The folks at Harraseeket’s Maine Ocean Farms have launched a new business called Ocean Farms Supply that is marketing non-plastic gear, including the mesh bags commonly used by fish farmers. Ocean Farms owner Erin Adams and her business partner Eric Oransky have been using bags woven out of string made with 100 percent European beechwood to hold their farm-raised oysters.
The company uses roughly 1,200 of these bags every season, and also sells the material to oyster, clam, and mussel growers, and wholesale distributors as far away as Mexico, California, and Florida.
Already these bags have replaced the use of 22 kilometers of polypropylene mesh, Hakai reported.
Aquaculture both contributes to and is potentially harmed by ocean plastics, Hakai noted. Much of the industry’s gear, from ropes to cages to flotation devices, is made of plastic. Over time, that plastic degrades, generating millimeter-sized particles that can be ingested by shellfish and finfish.
Another Maine oyster farmer, Abby Barrows of Long Cove Sea Farm on Deer Isle, who is also a plastics researcher, is developing experimental oyster bags made of cork and cedar trees, with fine stainless-steel or aluminum mesh on their tops and bottoms. She’s also developing ropes made from Manila hemp.
She has been running side-by-side experiments to compare how well baby oysters develop in wood and metal cages versus plastic ones in collaboration with scientists in Nova Scotia, who will measure the oysters’ microplastic content.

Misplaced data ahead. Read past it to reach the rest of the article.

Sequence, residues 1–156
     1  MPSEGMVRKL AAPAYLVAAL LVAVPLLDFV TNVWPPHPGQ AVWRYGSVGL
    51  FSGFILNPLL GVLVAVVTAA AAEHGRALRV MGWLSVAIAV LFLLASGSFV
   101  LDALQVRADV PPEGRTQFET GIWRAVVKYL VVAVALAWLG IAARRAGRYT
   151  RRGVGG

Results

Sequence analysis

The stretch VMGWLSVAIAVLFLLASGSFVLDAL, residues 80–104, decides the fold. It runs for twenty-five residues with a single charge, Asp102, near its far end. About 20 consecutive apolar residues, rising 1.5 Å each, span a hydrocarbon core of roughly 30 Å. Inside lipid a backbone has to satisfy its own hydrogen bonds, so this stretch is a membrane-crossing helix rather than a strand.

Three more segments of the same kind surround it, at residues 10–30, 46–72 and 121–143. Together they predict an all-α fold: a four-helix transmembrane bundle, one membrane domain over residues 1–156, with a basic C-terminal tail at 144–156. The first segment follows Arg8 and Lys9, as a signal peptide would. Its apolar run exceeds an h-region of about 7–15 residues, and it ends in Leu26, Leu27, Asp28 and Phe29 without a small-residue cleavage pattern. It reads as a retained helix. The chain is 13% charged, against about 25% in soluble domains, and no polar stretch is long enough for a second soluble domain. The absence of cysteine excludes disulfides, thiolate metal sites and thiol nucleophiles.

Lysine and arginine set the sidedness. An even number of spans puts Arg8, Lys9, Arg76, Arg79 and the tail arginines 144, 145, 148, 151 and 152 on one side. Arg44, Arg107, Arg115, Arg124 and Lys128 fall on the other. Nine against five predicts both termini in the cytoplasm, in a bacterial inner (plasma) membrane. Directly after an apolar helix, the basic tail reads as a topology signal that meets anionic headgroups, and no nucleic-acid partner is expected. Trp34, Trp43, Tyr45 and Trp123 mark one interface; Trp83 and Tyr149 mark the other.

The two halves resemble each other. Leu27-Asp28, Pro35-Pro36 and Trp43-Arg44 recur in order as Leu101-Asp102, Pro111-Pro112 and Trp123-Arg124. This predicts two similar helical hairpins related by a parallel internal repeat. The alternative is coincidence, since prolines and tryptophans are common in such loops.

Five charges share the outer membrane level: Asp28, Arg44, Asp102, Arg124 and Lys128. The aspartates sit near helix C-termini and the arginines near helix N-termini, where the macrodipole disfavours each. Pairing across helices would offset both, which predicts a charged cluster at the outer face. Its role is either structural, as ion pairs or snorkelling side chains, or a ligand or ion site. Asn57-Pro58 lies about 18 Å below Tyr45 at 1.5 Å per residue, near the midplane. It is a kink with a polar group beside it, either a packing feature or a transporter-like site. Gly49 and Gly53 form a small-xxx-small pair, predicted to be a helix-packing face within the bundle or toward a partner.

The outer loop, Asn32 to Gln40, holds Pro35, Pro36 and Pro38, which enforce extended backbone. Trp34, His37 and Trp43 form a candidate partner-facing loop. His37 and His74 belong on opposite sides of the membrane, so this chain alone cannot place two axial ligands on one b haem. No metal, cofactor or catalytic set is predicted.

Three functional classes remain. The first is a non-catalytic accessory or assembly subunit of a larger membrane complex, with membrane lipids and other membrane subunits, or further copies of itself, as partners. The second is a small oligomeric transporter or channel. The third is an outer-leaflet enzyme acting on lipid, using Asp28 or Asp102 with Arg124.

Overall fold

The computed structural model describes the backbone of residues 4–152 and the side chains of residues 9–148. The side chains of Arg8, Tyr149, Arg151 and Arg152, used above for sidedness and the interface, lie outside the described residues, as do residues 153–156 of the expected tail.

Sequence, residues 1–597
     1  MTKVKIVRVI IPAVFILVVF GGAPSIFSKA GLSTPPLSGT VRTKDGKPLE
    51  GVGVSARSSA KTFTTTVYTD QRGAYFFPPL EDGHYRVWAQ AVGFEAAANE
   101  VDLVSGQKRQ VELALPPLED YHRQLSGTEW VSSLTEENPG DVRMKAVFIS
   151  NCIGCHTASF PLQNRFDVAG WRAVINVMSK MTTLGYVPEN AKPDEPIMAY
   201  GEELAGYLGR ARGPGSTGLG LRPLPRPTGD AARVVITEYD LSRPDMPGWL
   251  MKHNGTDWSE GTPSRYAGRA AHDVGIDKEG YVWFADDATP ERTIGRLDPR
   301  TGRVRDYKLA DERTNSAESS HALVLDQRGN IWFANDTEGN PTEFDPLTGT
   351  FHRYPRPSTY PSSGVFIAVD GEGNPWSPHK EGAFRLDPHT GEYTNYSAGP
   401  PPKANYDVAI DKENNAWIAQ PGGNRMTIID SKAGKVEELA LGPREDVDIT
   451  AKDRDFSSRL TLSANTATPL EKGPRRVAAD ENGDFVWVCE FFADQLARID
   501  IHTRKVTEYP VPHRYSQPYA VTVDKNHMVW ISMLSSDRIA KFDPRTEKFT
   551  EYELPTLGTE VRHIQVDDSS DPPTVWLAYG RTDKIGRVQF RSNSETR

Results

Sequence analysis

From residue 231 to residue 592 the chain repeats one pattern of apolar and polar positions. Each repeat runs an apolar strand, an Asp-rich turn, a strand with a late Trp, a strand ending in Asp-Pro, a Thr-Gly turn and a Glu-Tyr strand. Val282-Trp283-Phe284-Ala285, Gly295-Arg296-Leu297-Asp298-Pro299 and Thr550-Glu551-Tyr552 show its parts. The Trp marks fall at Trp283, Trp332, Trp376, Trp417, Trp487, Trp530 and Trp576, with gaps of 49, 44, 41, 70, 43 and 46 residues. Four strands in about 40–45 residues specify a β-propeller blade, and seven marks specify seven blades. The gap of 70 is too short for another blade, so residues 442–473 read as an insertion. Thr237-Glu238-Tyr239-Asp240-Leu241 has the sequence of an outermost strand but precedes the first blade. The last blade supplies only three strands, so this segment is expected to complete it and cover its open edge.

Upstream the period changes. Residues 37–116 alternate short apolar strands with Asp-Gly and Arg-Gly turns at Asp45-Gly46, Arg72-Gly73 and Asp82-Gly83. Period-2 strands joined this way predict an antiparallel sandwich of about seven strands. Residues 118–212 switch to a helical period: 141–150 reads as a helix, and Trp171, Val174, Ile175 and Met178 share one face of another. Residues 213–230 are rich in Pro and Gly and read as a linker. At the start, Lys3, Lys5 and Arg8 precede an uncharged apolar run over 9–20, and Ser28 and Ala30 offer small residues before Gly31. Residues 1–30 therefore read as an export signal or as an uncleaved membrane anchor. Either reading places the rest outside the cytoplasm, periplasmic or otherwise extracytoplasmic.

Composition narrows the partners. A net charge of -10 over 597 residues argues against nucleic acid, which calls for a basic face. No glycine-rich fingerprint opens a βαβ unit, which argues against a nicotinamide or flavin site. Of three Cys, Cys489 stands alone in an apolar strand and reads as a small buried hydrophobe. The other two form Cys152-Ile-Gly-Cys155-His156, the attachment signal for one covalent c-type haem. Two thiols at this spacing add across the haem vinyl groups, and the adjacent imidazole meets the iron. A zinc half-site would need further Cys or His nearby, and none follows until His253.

In addition, the Maine start-up Viable Gear, run by Katie Weiler, is tackling the mussel socks used to grow baby mussels. Weiler prototyped kelp-based seeding twine to replace the nylon that kelp growers currently use. She is also working on bait bags for the lobster and crab industries and is interested in kelp-based cling wrap to replace the plastic used to wrap boats in the winter.
MITA acquires a shoreside base
The Maine Island Trail Association has acquired property in Freeport that will be used to house the organization’s fleet of workboats in the offseason. The nonprofit currently operates eight aluminum workboats that facilitate stewardship efforts on more than 250 island and mainland sites along the Maine coast. Last season, MITA volunteers made over 1,600 island visits for stewardship work and removed approximately 12.6 tons of debris across a cumulative 6,700 hours of service.
“Having a dedicated facility for our fleet is a real milestone for MITA,” said Executive Director Doug Welch. “We have relied on a combination of member generosity and leased space for our boat storage needs in the past, however there were never any guarantees from year to year. In addition to providing off season storage for the boats, this facility will also serve as a true headquarters for MITA’s stewardship efforts.”
Shark expert alert
In the wake of 2020’s fatal shark attack off Bailey Island and increased sightings along the coast of great whites, the Maine Department of Marine Resources has hired its first-ever researcher dedicated to studying the apex predator. His job, according to a report in the Portland Press Herald, is to figure out how and where sharks spend their time in the Gulf of Maine. Much of his work involves running the state’s shark monitoring program. The state now has about 30 acoustic receivers in Southern Maine that collect data when sharks with monitoring tags swim within a couple hundred yards of them. Another pair of receivers send out real-time shark detections off Popham Beach and in Saco Bay, giving life guards and public safety officials a chance to know immediately if a great white—if it is tagged—is nearby.